1108 words (3.2 pages)
- A case study of "human impact damage" on the Coral reef environment through tourism Introduction This case study will take a critical approach to the human impacts on coral reefs in a global context, it will further highlight management strategies and problems that adventure tourism faces in these areas. Further providing a critical analysis of the reasons proposed to explain the popularity of coral reefs. It is proven that human impacts can homogenize and simplify ecosystems (J. Williams, Gove, Eynaud, Zgliczynski, & Sandin, 2015).... [tags: Coral reef, Tourism, Coral, Human]
1262 words (3.6 pages)
- Humans are one of the biggest threats to coral reefs around the world. Coral reefs house a diverse mixture of underwater species like sea turtles, hundreds of different fish species and over a thousand species of mollusks. They are home to an incredible amount of wildlife as well as protecting the coastline from ocean storms. Corals make up the coral reef, but some people don 't realize that corals are living organisms. They are not rock or pretty stone, but are related to anemones and jellyfish.... [tags: Coral reef, Fish, Coral, Great Barrier Reef]
712 words (2 pages)
- If there is a new product out in the market, people buy it and use it every day without knowing where it comes from or how it was made, but people “love it, couldn’t live without it”. Carelessly using it and re buying without conserving, but what if this product disappeared and there was nothing else like it. Suddenly everything becomes harder and seems to be more difficult. There is only one solution to solve the problem, make people aware of what has been done to this meaningful product in life.... [tags: Coral Reefs, Conservation, Oceans]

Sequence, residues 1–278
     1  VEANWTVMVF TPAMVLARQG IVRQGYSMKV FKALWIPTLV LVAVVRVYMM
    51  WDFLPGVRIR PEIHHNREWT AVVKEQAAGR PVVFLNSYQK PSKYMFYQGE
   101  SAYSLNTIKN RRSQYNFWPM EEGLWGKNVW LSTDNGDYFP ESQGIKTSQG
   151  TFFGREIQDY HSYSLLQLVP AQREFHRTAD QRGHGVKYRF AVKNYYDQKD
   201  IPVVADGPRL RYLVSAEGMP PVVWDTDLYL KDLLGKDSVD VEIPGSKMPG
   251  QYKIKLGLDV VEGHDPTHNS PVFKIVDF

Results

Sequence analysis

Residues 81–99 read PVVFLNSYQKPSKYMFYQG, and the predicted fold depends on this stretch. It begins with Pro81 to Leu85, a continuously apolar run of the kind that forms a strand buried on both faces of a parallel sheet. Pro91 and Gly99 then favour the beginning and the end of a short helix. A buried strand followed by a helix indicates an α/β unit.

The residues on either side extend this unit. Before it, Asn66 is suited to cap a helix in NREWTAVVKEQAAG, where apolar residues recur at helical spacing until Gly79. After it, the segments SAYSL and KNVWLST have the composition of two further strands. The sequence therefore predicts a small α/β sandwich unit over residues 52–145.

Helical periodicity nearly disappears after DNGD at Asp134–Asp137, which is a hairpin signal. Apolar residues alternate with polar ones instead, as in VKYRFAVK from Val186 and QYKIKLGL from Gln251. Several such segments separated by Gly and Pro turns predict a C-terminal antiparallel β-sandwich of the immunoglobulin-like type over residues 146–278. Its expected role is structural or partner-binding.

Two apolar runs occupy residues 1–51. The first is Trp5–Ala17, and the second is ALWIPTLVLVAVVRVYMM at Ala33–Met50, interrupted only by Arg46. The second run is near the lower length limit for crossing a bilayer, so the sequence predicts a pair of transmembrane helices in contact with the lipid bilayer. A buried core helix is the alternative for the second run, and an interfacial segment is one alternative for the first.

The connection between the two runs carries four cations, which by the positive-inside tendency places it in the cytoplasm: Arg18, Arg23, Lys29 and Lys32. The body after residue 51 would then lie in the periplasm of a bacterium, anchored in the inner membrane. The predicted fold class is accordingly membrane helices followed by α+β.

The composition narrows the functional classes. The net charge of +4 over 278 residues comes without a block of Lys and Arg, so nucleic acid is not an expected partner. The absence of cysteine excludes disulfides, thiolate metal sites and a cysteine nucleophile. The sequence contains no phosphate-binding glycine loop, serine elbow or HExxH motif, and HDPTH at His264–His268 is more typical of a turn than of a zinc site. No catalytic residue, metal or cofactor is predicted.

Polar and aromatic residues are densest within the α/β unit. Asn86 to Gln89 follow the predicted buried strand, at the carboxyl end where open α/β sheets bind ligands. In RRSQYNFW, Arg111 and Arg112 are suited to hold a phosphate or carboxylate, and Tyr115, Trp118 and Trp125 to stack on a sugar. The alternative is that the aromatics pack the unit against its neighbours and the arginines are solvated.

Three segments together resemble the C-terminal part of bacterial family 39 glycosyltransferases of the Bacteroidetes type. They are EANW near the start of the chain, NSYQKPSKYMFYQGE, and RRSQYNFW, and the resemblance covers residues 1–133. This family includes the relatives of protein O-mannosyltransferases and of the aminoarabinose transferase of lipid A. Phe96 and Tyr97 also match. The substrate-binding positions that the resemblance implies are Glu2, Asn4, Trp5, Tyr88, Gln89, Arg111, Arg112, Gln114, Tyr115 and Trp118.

1788 words (5.1 pages)
- The question of whether if the disease that are bringing declines to Coral Reefs is a better worded if they are caused by infectious pathogens or Opportunistic pathogens. I say that because the disease that are causing coral reef declines are often caused by multiple microorganisms which lives on the surfaces of the coral. The microorganisms usually lives on the coral but rarely causes diseases, the only time they cause disease is when there are environmental or physical stress acted on the coral.... [tags: Bacteria, Immune system, Coral, Infectious disease]
1731 words (4.9 pages)
- Climate change is predicted to become a major threat to biodiversity in the 21st century, but accurate predictions and effective solutions have proved difficult to formulate(Terence P et al., 2011). Warmer and more acidic conditions inhibit coral calcification, carbonate precipitation, and submarine cementation; These effects are expected to reduce long-term rates of reef framework construction(Lauren et al., 2012).As global warming gradually becoming severe, it’s effects on the coral reefs also leads a critical concern about the diversity and quantity of coral reefs in Great Barrier.... [tags: Coral reef, Coral, Great Barrier Reef]
1151 words (3.3 pages)
- There are many diverse plant communities in south Florida, but some of the most enigmatic plant communities are found underwater. The coral reefs are a landscape that many people have not had much contact with. Much like how only the elite, travelling, or industrial entities have a view from the ocean, the coral reefs are only viewed by the adventurous or lucky few that can reach their subterranean habitat. But just because they are not seen from the surface does not mean they should be hard to get to.... [tags: Coral reef, Coral, Primary production, Algae]
2855 words (8.2 pages)